Loving the BITE: Recipe for a Healthy Road Trip

14
Apr
2016

Days: 10. Hours on the road: 45. Miles: 2879. Destinations: 7. Roadside pee stops for our 2 year old: 18 billion (don’t judge me). Nights camping in the sand: 2. States: 6. Speeding tickets: 0 (oh yeah!). Jalama burgers: 2 (Jalama Beach is a great cycling destination – wow!). These were the stats of my family’s latest road trip (they’d be even better stats for a bike trip!). Now that we have to buy 6 plane tickets to travel by air, we’ve made road-tripping our go-to MO. When the kids are older,we’ll go for some back packing, I’m sure. But for now, we strap into our Toyota 4Runner, and hit the road.IMG_4649

We’ve averaged about 1.5 big road trips like this over per year the past 5 years. We absolutely love getting out and exploring so many national parks, beaches, forests, canyons, mountains and more. We saw the Death Valley Super Bloom on this one! I’m finally getting good at the logistics. And by logistics, I mean keeping 2 adults & 4 kids, ages 2-8, mostly happy, and nourished.

Whether you’re driving for a race, or driving somewhere for another adventure or destination, traveling in a car can wreak havoc on your eating plan. This can be disastrous on the way to a race or a big ride, when you want to feel your best and not sabotage all your effort and time of preparation. Or, it may just mean feeling lousy while eating junk and sitting in a car on your vacation. Never sound good.

But it doesn’t have to be. Here are some of my ideas for eating good foods, with just a bit of junk mixed in, on a long-distance road trip.IMG_4629

Recipe of the Week: Nourishing Options on a Road Trip

In a Cooler:

  • Hard-boiled eggs
  • Naked Juice Green Smoothies (mix in 1 scoop protein powder and shake well for a high-protein breakfast smoothie)
  • String Cheese and/or laughing cow spreadable cheese (the sourdough below + laughing cough + hardboiled egg = great on-the-road breakfast)
  • Grapes, oranges, apples or other fruits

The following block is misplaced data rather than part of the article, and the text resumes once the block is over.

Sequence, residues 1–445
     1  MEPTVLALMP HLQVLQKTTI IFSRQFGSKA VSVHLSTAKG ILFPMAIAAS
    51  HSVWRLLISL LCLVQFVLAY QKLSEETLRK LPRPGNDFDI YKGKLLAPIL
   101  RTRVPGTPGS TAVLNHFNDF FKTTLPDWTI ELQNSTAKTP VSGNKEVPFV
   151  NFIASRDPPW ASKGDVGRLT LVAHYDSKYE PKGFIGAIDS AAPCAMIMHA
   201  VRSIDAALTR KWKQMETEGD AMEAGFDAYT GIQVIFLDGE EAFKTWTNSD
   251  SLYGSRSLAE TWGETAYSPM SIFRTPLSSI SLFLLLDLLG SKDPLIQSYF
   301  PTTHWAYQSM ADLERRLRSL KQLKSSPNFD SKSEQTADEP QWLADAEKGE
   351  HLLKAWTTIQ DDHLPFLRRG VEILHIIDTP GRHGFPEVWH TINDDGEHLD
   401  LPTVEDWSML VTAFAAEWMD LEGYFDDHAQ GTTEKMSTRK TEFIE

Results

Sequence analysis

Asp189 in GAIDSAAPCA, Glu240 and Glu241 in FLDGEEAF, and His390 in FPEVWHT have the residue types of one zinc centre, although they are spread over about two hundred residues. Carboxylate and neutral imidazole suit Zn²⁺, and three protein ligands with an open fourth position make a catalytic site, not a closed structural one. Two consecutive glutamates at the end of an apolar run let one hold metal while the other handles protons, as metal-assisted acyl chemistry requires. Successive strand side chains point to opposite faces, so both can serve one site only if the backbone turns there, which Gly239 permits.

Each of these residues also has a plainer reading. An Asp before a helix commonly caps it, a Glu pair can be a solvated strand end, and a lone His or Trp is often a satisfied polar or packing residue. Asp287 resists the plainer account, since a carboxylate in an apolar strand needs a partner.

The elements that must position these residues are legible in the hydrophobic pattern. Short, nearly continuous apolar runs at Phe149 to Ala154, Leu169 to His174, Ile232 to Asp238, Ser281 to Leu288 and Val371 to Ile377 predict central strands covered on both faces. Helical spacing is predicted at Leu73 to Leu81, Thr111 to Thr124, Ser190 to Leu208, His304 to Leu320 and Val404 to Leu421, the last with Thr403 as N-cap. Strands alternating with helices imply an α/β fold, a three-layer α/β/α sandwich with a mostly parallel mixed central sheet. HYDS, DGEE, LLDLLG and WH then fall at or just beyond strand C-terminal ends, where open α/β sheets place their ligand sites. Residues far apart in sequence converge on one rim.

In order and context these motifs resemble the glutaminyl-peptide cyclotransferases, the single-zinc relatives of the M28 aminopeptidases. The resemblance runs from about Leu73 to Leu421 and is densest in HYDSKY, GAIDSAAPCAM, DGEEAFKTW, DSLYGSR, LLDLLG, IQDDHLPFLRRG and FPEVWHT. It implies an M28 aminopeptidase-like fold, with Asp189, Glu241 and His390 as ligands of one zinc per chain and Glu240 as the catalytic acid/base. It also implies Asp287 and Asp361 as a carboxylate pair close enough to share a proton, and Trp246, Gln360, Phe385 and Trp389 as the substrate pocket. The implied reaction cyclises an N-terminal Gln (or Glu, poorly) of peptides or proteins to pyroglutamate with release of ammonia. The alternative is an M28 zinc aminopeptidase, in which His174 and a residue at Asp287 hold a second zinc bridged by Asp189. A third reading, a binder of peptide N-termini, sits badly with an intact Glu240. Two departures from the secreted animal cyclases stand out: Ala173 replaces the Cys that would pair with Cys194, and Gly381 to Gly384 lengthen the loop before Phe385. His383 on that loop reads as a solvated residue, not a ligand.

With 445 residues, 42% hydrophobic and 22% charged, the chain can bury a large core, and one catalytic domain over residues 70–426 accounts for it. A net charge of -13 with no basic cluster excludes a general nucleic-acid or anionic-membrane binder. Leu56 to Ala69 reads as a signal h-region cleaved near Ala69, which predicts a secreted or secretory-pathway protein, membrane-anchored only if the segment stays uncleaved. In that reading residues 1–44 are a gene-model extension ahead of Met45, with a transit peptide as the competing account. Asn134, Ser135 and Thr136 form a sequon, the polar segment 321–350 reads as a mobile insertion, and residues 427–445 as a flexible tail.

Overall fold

• Homemade Energy Bars (these melt)
  • Yogurts
  • Carrots/celery
  • High quality deli meats
  • Snack-sized hummus (make sure it’s made with olive oil & NOT soybean, safflower or sunflower)

Non-Cooler Items:

  • Nuts
  • Commercial bars such as Kind + Protein (high price) or Kashi Protein (more affordable)
  • Roasted Chickpeas
  • Granola or cereal & cups for kids’ breakfasts
  • PB&Company’s Chocolate Peanut Butter (my kids will eat this off the spoon for a protein source- and so will I)
  • Homemade sourdough bread for breakfast & sandwiches
  • Dried fruit
  • Protein Brownies 

Comments:

hotchickpeasTraveling can throw a challenging wrench into your best laid nutrition plans. Whether we’re talking about a road-trip to a race or ride, or a road-trip to another adventure, it takes some planning, some discipline, and some experience to stay healthy and feeling good while sitting in a car. Here are my Top 5 Road-Trip Nutrition Tips:

  • Don’t let your sitting in a car turn into an all-you-can-eat grazing buffet. For some reason, road trips often turn into snack-a-thons, and normal eating patterns with normal meal and snacks times are throw out the window. Instead, I recommend that you eat as you normally do. Stick to your regular meals and snacks, with breaks of not eating in between them (hormone and blood sugar cycles do well with eating and not eating rather than constant grazing).